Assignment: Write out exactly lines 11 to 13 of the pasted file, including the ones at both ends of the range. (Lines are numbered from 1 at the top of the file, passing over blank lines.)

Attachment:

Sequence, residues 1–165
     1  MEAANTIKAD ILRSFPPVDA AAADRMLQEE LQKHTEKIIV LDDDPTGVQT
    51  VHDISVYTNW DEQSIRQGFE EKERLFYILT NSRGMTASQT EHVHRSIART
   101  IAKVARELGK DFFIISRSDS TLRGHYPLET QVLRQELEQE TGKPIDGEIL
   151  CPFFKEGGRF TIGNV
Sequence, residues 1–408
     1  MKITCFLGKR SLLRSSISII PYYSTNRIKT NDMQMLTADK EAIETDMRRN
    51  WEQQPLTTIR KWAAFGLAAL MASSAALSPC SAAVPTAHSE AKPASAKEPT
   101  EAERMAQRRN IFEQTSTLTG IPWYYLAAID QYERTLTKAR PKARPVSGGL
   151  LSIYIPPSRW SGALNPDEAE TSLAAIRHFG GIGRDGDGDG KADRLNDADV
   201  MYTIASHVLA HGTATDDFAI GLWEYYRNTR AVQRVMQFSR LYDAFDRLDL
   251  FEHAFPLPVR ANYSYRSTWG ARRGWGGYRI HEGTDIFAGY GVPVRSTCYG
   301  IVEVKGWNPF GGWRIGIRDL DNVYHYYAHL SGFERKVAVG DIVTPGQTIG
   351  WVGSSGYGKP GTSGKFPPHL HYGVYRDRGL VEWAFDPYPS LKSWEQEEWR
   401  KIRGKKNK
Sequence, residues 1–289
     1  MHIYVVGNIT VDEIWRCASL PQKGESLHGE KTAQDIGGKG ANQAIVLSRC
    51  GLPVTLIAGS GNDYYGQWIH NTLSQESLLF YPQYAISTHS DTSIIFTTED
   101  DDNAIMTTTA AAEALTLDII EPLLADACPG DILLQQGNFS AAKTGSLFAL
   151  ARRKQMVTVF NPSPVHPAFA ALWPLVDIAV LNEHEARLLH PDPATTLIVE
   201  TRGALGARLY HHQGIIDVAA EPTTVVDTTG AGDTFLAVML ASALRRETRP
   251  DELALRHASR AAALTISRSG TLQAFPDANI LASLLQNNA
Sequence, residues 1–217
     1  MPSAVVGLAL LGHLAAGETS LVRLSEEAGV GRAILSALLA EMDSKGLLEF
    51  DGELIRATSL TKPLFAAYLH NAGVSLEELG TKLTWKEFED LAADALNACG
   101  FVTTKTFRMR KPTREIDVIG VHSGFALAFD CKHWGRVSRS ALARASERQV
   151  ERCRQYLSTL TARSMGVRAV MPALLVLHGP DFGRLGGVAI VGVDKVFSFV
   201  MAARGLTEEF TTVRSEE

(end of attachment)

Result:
   201  MYTIASHVLA HGTATDDFAI GLWEYYRNTR AVQRVMQFSR LYDAFDRLDL
   251  FEHAFPLPVR ANYSYRSTWG ARRGWGGYRI HEGTDIFAGY GVPVRSTCYG
   301  IVEVKGWNPF GGWRIGIRDL DNVYHYYAHL SGFERKVAVG DIVTPGQTIG